Isabella Negron stutters, but that didn't keep the Wheatley Heights teen from appearing on a television show -- singing and talking one on one with host Meredith Vieira.
The 13-year-old's highlight? A surprise visit on the set from pop star Josh Groban.
"I was so shocked. . . . My face was just blank, but there was so much going on in my head!" the aspiring singer recalled.
Isabella and 25 fellow members of the Manhattan-based Stuttering Association for the Young, or SAY, visited 30 Rockefeller Center last week to tape a segment for "The Meredith Vieira Show."
The kids formed a choir and sang Groban's "You are Loved, Don't Give Up."
Afterward, a cheering Groban, who has talked about being bullied as a child, emerged from behind a curtain.
Isabella said she's been involved in SAY for five years. The group's mission is to improve the lives of young people who stutter, through emphasis on building confidence, self-esteem, communication skills and friendships.
In her segment with Vieira, Isabella spoke from the heart about her speech impediment and how meeting others who stutter has helped her.
The group offers after-school programs, summer camps and speech therapy programs in Manhattan, Oceanside, Mamaroneck and Montclair, New Jersey, for kids under 18.
"SAY has never turned down a child with need," said Taro Alexander, who founded the organization in 2001 after living with a stutter of his own since age 5. "I grew up not knowing anyone else with a stutter. I was feeling isolated and alone with this challenge."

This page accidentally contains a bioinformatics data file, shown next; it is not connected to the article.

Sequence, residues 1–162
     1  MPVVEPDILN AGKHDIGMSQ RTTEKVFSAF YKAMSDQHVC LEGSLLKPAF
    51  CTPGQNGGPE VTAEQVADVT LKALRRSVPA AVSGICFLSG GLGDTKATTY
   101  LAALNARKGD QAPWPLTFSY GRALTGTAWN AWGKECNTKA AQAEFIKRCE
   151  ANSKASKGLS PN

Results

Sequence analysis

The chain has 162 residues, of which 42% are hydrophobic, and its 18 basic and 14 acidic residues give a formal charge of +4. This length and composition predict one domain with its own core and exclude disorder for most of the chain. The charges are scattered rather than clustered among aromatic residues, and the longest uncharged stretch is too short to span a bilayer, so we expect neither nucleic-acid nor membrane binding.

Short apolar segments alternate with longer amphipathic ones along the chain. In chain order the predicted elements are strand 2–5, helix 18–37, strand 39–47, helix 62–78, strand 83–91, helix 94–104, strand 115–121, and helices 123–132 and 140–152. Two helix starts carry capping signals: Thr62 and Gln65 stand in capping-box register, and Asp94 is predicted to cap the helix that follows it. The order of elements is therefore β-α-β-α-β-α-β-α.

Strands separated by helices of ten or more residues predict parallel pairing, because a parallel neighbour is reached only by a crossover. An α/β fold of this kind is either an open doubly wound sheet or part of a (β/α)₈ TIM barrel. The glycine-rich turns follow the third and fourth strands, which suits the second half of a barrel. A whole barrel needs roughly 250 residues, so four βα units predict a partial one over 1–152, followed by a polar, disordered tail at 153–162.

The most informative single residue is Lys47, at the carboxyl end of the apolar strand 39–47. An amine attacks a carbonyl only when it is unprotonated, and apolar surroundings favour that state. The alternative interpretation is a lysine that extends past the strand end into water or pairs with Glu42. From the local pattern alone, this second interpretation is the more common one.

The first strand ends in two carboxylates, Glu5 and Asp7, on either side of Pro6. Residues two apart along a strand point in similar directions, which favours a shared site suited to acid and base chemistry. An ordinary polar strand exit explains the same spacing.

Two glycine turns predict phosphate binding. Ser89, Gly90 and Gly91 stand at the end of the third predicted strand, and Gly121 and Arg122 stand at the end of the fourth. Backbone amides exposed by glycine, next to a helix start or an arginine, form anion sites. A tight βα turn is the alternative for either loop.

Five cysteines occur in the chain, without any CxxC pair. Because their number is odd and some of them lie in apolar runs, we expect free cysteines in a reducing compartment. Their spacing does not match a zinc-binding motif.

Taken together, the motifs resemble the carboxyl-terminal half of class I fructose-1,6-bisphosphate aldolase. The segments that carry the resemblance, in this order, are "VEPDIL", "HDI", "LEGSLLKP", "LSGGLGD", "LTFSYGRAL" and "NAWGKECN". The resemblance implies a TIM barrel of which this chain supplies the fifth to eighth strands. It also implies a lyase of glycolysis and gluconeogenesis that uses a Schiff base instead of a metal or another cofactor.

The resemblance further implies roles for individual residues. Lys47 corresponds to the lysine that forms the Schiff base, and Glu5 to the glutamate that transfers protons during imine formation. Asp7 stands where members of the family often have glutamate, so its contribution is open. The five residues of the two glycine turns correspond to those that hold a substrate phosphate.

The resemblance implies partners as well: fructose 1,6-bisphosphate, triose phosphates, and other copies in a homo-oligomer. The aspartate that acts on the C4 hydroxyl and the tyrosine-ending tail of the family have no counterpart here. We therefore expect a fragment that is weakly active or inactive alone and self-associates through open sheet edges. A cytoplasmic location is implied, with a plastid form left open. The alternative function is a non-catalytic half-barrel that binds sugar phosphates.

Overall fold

Andrew Carlins, 15, of Oceanside, helped Alexander expand the group's reach to Long Island.
They shared a desire to help the world better understand stuttering and how it can be tamed.
"Andrew is so mature, thoughtful, extremely intelligent, compassionate and a born leader," Alexander said. "I have so much respect for him. He wants to give back and wants to help."
Isabella is also eager to spread the word that help is available to young people.
"I want people who stutter to know that they're not alone," she said.
Statistics show that speech disorders affect about 5 percent of children, and 70 million people worldwide have a speech impediment.
A stutter often causes kids to get bullied, ignored or shut out. Many feel too embarrassed to express themselves, and are convinced they can't communicate effectively.
"What most people don't know about stuttering is the fear and anguish that goes along with it," Alexander said. "Stuttering is like an iceberg; there's much more underneath it. The pain and frustration and confusion for someone who suffers and keeps it locked up is so deep."
"The Meredith Vieira Show" featuring Isabella airs Monday at 2 p.m. on NBC/4.